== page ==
RICHARD: Well, and you've also got to think, okay, there is an iceberg out there. Do I go right? Do I go left? Let's wait until we get closer. Now, the thing that we're really interestingly watching is we're watching the fundamentals erode away. I mean we do know where demand is; that 9% reduction in supply, were that our only factor, maybe we could figure in we could find some oil to replace it. But add on top of that political supply destruction where OPEC takes a million barrels a day off the market or where mismanagement down in Venezuela causes rapid reduction. Same thing in Mexico where they are just simply going to cease to export oil. If you add politics on top of geology, now we've really got a problem and it's one not being addressed and I think most of the public sees $2 gasoline price and a barrel of oil coming back down to where they’d like to see it. Problem solved. Nothing could be further from the truth. [31:14]
JIM: I'll tell you just as we did our first video piece, and maybe we ought to talk about that because I think we're heading, contrary to what people are thinking right now and what the media is reporting, the media always looks through the rearview mirror and then they over play something. In fact, you could almost look at the front covers of magazines (and I suspect we'll probably see one either in BusinessWeek or Time), you know, “awash in oil” again or something, which is almost a contrary indicator. But we're going to be addressing some of these issues and why don't we talk about for a moment, Richard, our series because we are, in my opinion, heading into the perfect storm for energy. [31:54]
RICHARD: I think it's really interesting what we're doing. Today in media there are several trends that are hard to deny. When you've got YouTube, Google Video, Yahoo Video, 900 cable channels out there and a plethora of satellite channels, there is a void. At the same time, a lot of what I'm seeing on television are reporters and analysts who really haven't gone out there and done their full research. It's what I would call soundbite video, and our goal, and we're calling the show Reality Check when you and I get together and look at what's happening on these trends and where it's going forward, we're going to provide the viewer with a visual representation of where things are, not too dissimilar from your radio broadcast, but in the video format. It's fast, it will be amusing, it lets us speak to things that are hard to depict in the radio model as we add in the graphics and all of this. I mean it shows a change in the way media operates where we can develop our own television show. In the past, that would have cost hundreds of thousands of dollars. Today we can do it because we care and we can get together and have these discussions, bring our guests on and let the viewers, the people that are coming to my website, coming to your website, see who we are, see what we're doing, take a look at Matt Simmons. In fact on www.worldenergysource.com at worldenergy.TV, I've got two 30 minute interviews with Matt Simmons where he gets into these kinds of details. In our format, we'll be able to go into what happens this week in energy and speak to it and show the charts, be able to see the trends, invite people to join us and perhaps even answer viewers inquiries on what about this topic or that topic in a format that they can sit and watch or listen to quick and dirty, 30 minutes each. [33:51]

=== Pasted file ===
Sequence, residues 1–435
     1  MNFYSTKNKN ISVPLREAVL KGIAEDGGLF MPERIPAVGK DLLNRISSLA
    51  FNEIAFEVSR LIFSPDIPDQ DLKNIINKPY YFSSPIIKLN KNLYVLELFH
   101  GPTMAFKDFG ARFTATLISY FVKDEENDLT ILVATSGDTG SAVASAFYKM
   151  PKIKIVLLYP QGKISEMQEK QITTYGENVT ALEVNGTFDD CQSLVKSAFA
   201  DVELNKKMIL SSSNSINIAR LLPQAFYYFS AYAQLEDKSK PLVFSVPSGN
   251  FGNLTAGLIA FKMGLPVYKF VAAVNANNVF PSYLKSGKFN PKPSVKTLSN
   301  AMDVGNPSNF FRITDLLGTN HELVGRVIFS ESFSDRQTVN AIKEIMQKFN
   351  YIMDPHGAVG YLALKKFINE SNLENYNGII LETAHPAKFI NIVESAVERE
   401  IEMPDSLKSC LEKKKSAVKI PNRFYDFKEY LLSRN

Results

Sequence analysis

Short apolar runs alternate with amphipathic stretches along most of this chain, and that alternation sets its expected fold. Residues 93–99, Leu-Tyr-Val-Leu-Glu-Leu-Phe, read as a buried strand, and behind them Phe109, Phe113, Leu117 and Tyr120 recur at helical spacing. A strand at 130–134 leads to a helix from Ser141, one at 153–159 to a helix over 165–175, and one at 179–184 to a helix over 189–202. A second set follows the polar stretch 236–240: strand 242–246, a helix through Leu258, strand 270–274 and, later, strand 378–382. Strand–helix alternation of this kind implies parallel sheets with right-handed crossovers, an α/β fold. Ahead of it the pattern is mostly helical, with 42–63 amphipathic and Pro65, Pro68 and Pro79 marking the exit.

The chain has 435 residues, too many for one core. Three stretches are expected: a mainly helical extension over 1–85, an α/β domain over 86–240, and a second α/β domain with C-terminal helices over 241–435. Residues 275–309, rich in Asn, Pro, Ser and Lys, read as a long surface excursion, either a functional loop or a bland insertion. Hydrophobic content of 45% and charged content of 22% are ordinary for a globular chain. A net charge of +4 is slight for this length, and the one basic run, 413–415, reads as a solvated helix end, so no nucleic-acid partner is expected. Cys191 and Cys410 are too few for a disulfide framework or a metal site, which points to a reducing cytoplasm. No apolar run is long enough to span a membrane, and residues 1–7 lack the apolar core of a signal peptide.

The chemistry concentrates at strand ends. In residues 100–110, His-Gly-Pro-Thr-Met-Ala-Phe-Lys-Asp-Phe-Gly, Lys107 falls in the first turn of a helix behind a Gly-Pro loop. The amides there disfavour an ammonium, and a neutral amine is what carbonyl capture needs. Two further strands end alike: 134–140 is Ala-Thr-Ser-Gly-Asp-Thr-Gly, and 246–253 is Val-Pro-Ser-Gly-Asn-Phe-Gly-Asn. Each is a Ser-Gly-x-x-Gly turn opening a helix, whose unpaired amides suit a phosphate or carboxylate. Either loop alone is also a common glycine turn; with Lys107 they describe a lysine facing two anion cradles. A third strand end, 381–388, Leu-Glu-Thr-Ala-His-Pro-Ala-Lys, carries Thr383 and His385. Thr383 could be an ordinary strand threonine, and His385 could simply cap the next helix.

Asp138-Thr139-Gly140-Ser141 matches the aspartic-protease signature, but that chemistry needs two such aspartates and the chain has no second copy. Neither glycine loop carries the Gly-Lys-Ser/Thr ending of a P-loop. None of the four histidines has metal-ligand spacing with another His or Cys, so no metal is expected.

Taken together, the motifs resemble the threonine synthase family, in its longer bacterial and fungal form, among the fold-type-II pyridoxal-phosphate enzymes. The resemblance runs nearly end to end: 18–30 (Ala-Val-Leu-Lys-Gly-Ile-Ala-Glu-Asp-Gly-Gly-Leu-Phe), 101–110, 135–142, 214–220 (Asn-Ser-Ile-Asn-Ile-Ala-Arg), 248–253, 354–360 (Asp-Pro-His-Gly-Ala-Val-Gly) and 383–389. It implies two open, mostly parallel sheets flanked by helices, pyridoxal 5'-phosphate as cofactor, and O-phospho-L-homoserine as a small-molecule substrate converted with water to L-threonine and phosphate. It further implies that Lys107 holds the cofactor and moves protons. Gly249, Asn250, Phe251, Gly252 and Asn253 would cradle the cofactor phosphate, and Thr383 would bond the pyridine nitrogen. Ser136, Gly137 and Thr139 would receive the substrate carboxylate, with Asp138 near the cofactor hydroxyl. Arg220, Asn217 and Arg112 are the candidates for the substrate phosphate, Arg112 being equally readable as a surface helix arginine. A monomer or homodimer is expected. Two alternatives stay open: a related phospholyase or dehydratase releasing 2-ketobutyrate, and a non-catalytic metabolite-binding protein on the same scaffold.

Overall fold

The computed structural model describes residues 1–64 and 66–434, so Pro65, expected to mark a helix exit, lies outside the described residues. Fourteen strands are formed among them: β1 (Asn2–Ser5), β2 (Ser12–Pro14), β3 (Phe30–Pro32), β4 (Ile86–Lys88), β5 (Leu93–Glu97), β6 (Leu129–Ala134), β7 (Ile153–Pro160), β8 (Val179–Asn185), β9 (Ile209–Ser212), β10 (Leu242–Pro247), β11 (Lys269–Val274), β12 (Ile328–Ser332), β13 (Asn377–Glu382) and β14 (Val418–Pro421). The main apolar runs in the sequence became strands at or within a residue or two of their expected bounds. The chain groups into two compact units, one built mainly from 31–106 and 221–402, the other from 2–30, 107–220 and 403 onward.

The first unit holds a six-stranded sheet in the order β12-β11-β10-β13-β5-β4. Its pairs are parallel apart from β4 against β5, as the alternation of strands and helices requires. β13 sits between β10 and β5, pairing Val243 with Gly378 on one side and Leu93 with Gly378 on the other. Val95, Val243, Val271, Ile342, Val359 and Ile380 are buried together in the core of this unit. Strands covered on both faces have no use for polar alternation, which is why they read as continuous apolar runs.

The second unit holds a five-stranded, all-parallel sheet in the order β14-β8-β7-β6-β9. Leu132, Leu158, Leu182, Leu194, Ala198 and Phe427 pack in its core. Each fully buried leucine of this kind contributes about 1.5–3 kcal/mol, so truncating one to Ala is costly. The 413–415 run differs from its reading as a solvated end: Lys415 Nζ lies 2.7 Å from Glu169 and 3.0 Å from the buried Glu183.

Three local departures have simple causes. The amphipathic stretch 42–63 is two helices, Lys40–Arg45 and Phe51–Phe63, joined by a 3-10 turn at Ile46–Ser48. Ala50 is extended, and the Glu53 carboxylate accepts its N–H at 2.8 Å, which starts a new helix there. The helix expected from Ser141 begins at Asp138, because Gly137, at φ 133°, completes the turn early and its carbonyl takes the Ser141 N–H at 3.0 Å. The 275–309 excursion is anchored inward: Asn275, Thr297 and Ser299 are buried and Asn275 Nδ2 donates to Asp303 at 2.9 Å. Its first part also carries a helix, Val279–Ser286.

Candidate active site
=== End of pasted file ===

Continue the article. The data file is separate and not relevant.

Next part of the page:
JIM: Well, I'm looking forward to doing that because like I said, as we are seeing a big disconnect between what's going on in the physical markets with not only gold and silver, we have the same thing going on now when we look at the physical markets and the paper markets for energy, it's almost like there is almost – there is something here that is not fitting together. There is such a major disconnect and you don't know if this is intentional because I do know there are huge option positions at 25 to $30. If that's what's driving it, in other words, just as players in the industry can play both sides on the long side or the short side, you don't know, but what I see here is something that is so unnatural and such a big disconnect that this has a lot of people in the industry shaking their head again saying this couldn't have come at a worse time.
RICHARD: Think about this, too, Jim. If we are seeing low commodity prices, we're seeing the private companies saying, “Wait a minute, I'm going on hold,” this puts more of the responsibility for our energy supplies on the federal government. And one of the things that we need to look at on our TV show is eminent domain. Will it become a case that the government comes in here and starts saying, You know, I'm going to go ahead and develop this for you, I'm going to own this asset, I'm going to bring this online, I need this supply and drive the private sector out of the business of generating our energy supply. That could make very good shows. [35:20]
JIM: God help us if the government gets into the energy business. It will be run about as efficient as they run Amtrak. Anyway.
Well, listen Richard, as we close, if people would like to find out more about world energy, give out your website please.